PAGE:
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Individual Peculiarities

A couple of days ago, several commenters responded to a detail about my child warming his milk in the microwave with "What 5-year-old drinks warm milk anyway?"

So, I thought we'd have some fun today with food and other small habits our kids develop. For instance, my 5-year-old will only drink milk if it's warm and he prefers his vegetables frozen, particularly in the summer. These peculiarities don't bother me. When it comes to food, I'm happy for him to eat healthy in whatever way feels right to him. Meanwhile, to get the three-year-old to do anything, I often have to call him the character he's pretending to be. When it's time to get dressed or come to the table, I end up calling for the red-eyed tree frog or backhoe or Mack the big rig or Lightning McQueen or Nemo or hammerhead shark... you get the picture.

When I was a kid, I dunked every vegetable my mom made me eat into gobs of ketchup. And I don't remember eating peanut butter and jelly sandwiches back then -- instead it was peanut butter and marshmallow fluff. Just the thought of that sugar-laden lunch makes me cringe now.

What peculiarities have your kids picked up? What interesting habits did you have as a child?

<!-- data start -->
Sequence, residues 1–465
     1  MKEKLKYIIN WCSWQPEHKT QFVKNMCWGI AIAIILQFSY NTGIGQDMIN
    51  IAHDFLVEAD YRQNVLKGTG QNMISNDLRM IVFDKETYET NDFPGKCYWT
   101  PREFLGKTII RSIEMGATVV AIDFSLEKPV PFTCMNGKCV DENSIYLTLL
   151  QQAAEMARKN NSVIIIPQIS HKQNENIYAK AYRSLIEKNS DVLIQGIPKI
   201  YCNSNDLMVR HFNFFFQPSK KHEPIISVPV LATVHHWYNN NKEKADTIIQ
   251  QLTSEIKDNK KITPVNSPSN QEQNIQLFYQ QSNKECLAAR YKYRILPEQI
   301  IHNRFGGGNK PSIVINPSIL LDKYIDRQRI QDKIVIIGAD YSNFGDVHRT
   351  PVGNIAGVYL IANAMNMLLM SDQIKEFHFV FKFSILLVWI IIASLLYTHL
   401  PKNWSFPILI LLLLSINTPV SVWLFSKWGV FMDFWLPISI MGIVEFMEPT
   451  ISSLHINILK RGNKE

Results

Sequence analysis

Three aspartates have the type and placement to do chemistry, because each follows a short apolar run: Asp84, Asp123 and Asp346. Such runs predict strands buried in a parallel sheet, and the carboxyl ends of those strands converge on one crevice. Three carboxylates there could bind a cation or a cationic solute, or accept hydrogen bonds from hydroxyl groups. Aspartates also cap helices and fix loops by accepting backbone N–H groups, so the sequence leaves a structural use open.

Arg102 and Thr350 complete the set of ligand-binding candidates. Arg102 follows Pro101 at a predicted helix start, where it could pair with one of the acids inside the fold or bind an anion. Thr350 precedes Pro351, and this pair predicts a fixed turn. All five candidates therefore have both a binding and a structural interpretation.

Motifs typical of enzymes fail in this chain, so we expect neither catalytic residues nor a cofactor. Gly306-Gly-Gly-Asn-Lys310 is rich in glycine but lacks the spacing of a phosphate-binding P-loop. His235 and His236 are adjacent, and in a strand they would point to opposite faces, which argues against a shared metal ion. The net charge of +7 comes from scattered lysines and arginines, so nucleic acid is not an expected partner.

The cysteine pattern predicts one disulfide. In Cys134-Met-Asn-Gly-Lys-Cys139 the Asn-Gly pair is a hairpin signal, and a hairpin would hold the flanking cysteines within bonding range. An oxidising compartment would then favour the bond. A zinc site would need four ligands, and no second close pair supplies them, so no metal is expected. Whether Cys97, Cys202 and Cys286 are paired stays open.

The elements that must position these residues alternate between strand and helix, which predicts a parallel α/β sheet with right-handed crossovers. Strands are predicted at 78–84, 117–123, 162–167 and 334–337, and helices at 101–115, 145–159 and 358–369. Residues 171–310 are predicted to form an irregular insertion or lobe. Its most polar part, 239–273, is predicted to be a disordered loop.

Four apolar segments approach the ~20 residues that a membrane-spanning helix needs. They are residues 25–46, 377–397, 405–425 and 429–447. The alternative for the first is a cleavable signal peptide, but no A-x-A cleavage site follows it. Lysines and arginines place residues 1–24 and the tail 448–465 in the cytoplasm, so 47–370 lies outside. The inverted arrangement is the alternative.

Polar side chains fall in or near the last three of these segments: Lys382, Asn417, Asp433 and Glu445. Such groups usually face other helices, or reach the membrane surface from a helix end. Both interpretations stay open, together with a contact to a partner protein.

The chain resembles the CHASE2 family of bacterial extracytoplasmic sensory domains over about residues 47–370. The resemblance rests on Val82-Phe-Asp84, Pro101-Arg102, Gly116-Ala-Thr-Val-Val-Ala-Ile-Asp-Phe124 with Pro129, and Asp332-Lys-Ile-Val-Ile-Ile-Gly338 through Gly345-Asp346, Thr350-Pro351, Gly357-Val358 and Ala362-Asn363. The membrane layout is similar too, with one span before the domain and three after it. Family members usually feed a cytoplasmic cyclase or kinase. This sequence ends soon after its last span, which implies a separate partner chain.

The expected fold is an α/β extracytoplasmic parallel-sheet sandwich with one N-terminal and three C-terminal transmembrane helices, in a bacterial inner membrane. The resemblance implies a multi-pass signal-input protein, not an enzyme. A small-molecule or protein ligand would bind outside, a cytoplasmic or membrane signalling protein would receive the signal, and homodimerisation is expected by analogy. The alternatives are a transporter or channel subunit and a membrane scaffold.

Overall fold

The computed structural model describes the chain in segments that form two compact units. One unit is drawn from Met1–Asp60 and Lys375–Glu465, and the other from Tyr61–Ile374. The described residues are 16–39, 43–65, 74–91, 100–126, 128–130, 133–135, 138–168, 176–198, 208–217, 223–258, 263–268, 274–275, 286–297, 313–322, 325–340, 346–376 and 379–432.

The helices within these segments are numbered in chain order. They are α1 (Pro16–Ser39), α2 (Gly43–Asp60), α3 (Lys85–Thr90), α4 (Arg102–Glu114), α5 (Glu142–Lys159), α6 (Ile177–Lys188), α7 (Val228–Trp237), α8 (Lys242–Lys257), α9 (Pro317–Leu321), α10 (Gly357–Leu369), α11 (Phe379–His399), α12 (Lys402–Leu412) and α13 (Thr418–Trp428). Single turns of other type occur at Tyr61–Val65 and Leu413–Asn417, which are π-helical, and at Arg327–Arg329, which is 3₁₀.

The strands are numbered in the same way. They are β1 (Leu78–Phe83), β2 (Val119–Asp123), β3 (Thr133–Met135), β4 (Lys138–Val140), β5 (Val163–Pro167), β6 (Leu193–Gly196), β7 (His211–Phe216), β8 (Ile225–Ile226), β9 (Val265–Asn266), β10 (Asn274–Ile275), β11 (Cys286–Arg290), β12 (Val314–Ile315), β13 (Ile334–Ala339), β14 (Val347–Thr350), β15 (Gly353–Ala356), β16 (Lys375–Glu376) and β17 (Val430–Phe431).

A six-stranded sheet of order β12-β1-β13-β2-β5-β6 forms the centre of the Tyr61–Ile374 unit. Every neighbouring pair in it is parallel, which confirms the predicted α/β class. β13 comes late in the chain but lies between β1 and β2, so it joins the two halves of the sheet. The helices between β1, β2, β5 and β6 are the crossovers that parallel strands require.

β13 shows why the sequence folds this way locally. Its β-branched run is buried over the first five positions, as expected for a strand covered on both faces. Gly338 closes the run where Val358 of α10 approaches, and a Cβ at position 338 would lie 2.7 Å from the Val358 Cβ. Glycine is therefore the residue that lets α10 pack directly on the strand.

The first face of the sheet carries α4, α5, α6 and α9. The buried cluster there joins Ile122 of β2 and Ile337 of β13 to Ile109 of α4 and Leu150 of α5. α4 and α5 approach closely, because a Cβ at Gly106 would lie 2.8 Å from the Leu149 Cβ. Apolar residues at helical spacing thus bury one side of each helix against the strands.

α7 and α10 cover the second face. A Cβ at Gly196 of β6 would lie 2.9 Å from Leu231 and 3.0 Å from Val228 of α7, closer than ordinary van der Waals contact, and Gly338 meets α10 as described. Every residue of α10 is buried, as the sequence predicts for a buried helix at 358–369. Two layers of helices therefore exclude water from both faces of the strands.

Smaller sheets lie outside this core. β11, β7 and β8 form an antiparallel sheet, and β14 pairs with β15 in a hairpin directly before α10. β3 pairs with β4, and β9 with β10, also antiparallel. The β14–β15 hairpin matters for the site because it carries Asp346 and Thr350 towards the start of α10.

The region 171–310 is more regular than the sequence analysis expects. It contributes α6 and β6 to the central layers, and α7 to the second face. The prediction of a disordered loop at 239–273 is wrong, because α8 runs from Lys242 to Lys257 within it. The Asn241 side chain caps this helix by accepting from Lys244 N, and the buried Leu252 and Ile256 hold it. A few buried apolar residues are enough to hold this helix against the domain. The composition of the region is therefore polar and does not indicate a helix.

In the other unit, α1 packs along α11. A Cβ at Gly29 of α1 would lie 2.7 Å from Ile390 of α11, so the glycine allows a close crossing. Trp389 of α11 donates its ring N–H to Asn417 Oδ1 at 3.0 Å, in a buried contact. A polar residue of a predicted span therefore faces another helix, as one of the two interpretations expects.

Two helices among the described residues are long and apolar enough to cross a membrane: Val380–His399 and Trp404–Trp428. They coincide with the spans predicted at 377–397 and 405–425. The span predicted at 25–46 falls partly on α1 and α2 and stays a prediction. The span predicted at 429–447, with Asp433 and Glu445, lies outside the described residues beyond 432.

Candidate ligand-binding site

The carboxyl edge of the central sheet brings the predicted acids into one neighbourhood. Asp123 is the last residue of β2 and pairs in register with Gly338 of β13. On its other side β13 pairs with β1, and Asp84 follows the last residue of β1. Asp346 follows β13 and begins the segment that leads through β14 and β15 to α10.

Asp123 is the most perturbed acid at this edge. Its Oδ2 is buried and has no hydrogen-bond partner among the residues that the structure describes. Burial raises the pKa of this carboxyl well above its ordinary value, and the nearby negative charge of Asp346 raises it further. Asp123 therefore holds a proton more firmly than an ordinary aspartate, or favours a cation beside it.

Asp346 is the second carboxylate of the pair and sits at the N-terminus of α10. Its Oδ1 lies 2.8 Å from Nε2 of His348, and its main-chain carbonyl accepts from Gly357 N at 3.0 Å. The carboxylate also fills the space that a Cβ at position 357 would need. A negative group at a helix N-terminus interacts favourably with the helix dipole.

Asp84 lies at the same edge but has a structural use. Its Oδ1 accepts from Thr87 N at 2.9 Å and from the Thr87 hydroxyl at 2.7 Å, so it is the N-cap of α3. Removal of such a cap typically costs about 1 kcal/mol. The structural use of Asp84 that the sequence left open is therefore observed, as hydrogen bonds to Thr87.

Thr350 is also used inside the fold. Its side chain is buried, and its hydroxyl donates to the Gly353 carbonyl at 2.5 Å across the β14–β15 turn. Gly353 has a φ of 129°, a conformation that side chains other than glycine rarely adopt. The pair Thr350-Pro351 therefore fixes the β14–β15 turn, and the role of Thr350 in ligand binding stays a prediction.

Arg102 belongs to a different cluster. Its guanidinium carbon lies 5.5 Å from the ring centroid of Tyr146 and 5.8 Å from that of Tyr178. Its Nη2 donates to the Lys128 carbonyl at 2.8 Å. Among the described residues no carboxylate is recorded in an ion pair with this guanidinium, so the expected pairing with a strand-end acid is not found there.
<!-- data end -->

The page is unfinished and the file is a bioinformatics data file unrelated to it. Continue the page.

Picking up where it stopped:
By Stacey Garfinkle |  June 8, 2007; 7:00 AM ET  | Category:  Elementary Schoolers , Preschoolers
Previous: A Little of This, A Little of That | Next: The Best Age To Become A Parent


My eldest son took apart every appliance in our house by the time he was 3 years old and fixed, oiled, repaired or retooled all of them. He relaxed by jumping on the mini-trampoline. He snacked by eating his way through our salad garden outdoors every day.He does not eat sweet things.

My youngest son is very focused and mature. He eats whatever he cooks, and he cooks like a 5-star chef.There are vegetables he actually does not like.He subscribes to the five basic food groups: sweet, crunchy, salty, brightly colored and fizzy.

Both children brake for sushi. You might put anything in nori and they will eat it.

I never, ever had a problem with discipline with either child. My eldest son is uber messy and creative. My youngest son is uber neat and creative. Makes it interesting.

Posted by: Annie | June 8, 2007 7:32 AM | Report abuse

Annie, your children sound interesting.

My son is obsessed with phones. He is 4. He has memorized my husband's and my cell numbers, my parents' number, my work number, and our home number. He likes to make calls, but he always asks. Last Christmas, he asked for a cell phone with service. Tchah!!

Posted by: WorkingMomX | June 8, 2007 7:52 AM | Report abuse

n"For instance, my 5-year-old will only drink milk if it's warm and he prefers his vegetables frozen, particularly in the summer. These peculiarities don't bother me"

Duh! Your son's preference for warm milk is what led you to permitting him to use the microwave unsupervised!!! Since when does a 5-year-old call the shots?

Is the kid going to get warm milk in school? And everyplace else he goes for the rest of his life? Talk about raising whiners and weaklings! Have you ever taken any kind of a meaningful stand with these kids?

"you get the picture."